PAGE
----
You may not immediately see it in the seeming chaos of his colors, but Raymond Lafferty's art is in many ways a search for home. Lafferty, 43, is a Kumeyaay Indian from the Mesa Grande Indian Reservation in the rugged backcountry of San Diego County. You'd think that would be home for him, plain and simple, but it gets complicated.
Lafferty is an abstract expressionist painter who also does performance art, makes films, composes music, and shoots photographs. He has shown paintings in the Oceanside Museum, and his art, in one form or another, has appeared at Art San Francisco, Cleveland Public Theater, Getty Center for the Arts Museum, Museum of New Zealand, the National Museum of the American Indian, Venice Biennale, The New York Museum of Art and Design. He is currently a contributing artist in "Beneath Silent Surfaces: Contemporary Art from Native American Artists of Southern California" at the Ruth and Charles Gilb Arcadia Historical Museum that opens Oct. 27.
Creative? Yes, but his creative nature has created problems for him on the personal front. Some might call him a contrarian. He has lived his life bucking convention. Others, especially those on his reservation, might simply call him weird. And therein lies the danger of nonconformity. It's difficult for Indians, who have a code of acceptable Indian behavior, to understand artists like Lafferty who don't abide those codes, who have always been, let's say, different.
It started when Lafferty became a young punk rocker. A reservation girl, a friend of Lafferty's, went to Paris on an exchange study and came back with Punk music -- the Clash, the Sex Pistols, Generation X -- the hard-driving music that buzz-cut and pierced Parisians were listening to. Lafferty heard the brash rebelliousness in it and was transfixed. It wasn't long before he was sporting a mohawk, razor-cut jeans dressing in his own rebellion, living the gospel according to Punk. At the time, most Indians were dancing to "Johnny B. Goode" and "Brown-Eyed Girl," while Lafferty was doing lord knows what to "London Calling." Most Indians would not be too taken aback by the mohawk. The hairstyle, after all, did originate with Indians. Lafferty's multicolored mohawk, however, unsettled grassroots rez Indians.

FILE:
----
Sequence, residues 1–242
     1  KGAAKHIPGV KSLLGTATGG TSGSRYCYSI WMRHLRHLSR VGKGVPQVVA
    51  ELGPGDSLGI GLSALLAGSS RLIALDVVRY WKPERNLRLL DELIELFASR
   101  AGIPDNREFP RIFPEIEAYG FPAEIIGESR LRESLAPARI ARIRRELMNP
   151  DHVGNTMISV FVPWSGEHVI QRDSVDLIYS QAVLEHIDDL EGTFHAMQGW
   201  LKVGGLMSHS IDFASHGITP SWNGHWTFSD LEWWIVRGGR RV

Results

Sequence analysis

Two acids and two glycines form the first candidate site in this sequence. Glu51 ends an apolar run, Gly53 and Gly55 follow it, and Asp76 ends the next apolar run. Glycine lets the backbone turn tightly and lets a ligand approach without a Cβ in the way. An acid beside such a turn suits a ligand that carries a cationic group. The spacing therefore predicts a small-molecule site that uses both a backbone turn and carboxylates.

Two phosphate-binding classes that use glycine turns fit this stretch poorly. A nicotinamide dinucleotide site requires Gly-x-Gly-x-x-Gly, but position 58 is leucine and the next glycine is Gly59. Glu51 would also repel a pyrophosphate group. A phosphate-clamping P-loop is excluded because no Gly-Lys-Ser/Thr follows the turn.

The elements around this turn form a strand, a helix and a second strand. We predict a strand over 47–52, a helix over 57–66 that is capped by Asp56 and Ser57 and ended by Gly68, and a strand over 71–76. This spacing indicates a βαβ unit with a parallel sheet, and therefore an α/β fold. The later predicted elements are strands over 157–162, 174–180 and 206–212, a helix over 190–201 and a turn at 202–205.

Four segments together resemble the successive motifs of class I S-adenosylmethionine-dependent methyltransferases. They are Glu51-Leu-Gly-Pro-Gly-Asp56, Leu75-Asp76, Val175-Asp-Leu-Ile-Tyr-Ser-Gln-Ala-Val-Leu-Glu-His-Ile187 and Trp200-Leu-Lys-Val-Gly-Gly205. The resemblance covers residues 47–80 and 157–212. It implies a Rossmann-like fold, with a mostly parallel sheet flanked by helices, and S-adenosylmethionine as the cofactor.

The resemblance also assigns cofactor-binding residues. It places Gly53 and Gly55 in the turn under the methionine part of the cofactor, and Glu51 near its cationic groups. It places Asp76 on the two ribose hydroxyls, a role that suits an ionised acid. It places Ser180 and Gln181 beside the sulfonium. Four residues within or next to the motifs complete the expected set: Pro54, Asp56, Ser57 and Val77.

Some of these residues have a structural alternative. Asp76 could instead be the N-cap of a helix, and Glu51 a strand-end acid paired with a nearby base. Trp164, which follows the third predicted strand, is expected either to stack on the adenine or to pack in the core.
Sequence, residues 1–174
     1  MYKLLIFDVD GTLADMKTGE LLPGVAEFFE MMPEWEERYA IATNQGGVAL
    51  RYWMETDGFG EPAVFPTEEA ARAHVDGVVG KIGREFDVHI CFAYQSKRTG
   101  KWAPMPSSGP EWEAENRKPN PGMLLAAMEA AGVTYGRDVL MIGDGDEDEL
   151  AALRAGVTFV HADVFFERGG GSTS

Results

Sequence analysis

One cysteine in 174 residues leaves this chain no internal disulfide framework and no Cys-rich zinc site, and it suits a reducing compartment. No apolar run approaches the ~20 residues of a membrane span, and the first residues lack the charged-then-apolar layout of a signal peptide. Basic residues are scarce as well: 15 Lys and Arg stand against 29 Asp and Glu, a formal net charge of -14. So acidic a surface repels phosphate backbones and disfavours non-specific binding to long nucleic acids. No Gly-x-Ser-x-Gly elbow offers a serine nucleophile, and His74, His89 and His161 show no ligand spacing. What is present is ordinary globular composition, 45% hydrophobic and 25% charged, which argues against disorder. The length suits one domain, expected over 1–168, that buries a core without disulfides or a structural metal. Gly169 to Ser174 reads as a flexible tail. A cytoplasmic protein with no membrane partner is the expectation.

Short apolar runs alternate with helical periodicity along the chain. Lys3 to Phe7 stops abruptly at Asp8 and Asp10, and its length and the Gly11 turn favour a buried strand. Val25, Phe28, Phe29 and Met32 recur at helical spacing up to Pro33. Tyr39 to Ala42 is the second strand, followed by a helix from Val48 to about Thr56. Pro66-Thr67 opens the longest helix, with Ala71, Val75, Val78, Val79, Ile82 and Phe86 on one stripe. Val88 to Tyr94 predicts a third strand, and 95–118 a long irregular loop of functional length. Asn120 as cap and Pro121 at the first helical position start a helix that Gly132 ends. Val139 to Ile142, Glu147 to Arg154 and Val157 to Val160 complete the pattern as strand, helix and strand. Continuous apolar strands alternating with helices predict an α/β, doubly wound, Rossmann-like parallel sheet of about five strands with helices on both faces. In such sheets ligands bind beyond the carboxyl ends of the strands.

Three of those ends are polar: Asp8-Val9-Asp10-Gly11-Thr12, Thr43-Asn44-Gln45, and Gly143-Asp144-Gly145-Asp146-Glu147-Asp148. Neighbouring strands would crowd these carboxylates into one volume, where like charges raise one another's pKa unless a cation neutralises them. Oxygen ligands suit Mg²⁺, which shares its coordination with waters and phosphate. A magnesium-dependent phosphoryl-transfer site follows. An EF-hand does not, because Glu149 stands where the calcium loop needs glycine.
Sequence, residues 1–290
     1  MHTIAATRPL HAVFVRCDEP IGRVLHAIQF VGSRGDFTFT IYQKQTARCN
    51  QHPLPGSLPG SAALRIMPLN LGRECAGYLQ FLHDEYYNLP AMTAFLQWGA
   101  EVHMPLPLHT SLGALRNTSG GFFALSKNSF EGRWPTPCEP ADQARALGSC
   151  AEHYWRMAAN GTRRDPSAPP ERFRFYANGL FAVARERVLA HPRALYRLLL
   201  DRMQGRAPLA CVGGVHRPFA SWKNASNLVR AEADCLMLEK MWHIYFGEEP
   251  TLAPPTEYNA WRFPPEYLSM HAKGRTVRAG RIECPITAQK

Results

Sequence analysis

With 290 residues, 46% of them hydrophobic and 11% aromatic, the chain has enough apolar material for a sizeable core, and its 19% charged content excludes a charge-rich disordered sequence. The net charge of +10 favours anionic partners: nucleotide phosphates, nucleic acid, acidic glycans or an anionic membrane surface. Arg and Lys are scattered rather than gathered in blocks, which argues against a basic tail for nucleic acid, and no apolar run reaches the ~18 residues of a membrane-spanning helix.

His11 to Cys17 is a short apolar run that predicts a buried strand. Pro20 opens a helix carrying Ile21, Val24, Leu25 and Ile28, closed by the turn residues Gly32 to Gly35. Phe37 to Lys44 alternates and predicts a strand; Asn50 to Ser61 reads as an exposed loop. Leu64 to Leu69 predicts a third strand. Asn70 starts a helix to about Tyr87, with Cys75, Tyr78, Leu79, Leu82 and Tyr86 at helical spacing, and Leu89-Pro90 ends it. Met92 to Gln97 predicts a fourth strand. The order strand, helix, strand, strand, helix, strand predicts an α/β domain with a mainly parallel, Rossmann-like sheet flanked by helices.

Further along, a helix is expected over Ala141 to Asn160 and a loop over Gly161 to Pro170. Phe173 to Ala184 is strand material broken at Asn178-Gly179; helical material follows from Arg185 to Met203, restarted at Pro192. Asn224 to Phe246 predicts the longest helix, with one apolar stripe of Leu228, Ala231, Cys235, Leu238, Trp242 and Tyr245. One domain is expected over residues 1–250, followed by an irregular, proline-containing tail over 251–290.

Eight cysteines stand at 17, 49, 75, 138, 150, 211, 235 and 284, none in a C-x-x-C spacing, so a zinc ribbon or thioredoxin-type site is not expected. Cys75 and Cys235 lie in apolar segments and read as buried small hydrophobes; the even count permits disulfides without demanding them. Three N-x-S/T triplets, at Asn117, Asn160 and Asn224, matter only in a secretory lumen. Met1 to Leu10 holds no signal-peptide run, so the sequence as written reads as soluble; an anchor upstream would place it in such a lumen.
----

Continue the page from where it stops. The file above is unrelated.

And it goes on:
"They didn't get it. They looked at me like I was some kind of alien. But heck, the girls liked it, and I was getting laid," he said.
Always a smart kid, and maybe something of a smart aleck, Lafferty was frequently in trouble at Julian High School, where he didn't graduate. Teachers passed off the weird contrarian to other teachers, until eventually the only teacher who would have him was the drama teacher. He spent most of his school days in drama class, where he explored acting. He found donning the masks of other characters a refreshing break from himself. He learned accents and mannerisms that, to this day, salt his conversations. He does a polished English accent when he feels like it, effecting the high-brow tone of an English lord, an unexpected parlor trick for a guy who grew up on the rez. His time spent in London probably honed that skill. Slipping into various characters has become part of his persona.
At 14, he quit school, moved out of his house, got a job and was on his own. Independence, at such a young age, is often not easy, especially emotionally. Most troubling was his feeling of alienation, not just as an Indian trying to survive in white mainstream society, but also as an Indian trying to figure out where he belonged with his own people. When he was real young, he was well-liked by older people. But things changed as he grew older, and to them ... odder.
"Family and friends weren't hearing my questions," he says. "It was burdensome for them to listen to me, or maybe it was a bad time for them, or maybe they were too consumed by their own lives. Anyway, I was confused, in pain, and without much understanding from others."
Lafferty is descended from a well-respected family. His great-great-great grandfather was Cinon Duro, a famous Kumeyaay spiritual leader. His great grandmother, Rose Duro, was a tribal leader, a captain, who did her best to help the people. His grandmother, Lila LaChusa, went so far as to use her own car to ferry people down off the mountain to medical services. His parents, Tom and RayAnn Lafferty, are well-known and of good community standing. By rights, given his family background, he should be able to fit in. Yet, the separation between Lafferty and his people continued to widen.